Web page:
• May 2016
  • Vol. 17, No. 3

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Adoption Medicine and the Health of Adopted Children

An article in the National Council for Adoption's Adoption Advocate discusses the importance of adoption medicine to the health and well-being of children who have been adopted. The article defines adoption medicine as a practice that addresses the special health, behavioral, and developmental needs of adopted children. The field's specialists can leverage their expertise to help adoptive families and children throughout the entire adoption process. The article describes how specialists can help families through each stage of adoption, including the following:

  • Preadoption consultations: Specialists can help families understand the lists of medical terms and conditions prospective adoptive parents must review before making a final decision to adopt.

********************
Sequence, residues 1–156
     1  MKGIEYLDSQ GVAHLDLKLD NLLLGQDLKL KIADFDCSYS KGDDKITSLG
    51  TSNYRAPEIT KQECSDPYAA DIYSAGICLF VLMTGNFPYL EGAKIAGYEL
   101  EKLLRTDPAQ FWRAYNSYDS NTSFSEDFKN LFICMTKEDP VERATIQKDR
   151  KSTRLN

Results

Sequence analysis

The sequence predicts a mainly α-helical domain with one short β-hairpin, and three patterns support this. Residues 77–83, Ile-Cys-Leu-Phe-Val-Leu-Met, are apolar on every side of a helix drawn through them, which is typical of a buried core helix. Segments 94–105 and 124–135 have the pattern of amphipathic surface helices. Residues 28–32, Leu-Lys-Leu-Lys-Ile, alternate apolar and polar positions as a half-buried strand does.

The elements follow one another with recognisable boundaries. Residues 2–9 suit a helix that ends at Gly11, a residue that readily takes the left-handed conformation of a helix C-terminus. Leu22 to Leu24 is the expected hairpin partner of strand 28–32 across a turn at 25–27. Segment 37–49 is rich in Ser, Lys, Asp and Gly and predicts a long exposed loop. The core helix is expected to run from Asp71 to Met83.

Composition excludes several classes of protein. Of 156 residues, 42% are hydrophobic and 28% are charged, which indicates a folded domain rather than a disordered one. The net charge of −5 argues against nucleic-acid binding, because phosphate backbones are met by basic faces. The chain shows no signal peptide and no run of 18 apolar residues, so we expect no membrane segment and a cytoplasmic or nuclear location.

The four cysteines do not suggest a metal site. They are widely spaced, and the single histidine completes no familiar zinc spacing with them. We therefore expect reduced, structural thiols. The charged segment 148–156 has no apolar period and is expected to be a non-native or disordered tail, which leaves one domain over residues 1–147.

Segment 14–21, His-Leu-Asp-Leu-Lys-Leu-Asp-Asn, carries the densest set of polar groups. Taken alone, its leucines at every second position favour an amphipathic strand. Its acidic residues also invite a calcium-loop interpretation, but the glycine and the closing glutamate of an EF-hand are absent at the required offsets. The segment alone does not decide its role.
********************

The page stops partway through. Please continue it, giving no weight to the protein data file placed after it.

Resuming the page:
• Reviewing the adoption file: Specialists can help review a child's adoption file to help families determine the suitability of a particular adoption placement.
  • Postadoption care: Specialists can provide guidance and assistance with issues such as caring for newborns, children adopted from foster care, and children adopted through intercountry adoptions.

The brief also discusses when an adopted child may need to be referred to other specialists (e.g., substance-exposed infants, children with developmental delays), and it includes an appendix with additional resources and materials to help primary care providers care for adopted children.

Access "Adoption Medicine: Improving the Health and Wellbeing of Adopted Children," by Emily Todd, Adoption Advocate, 92, 2016, at https://www.adoptioncouncil.org/publications/2016/02/adoption-advocate-no-92.
 

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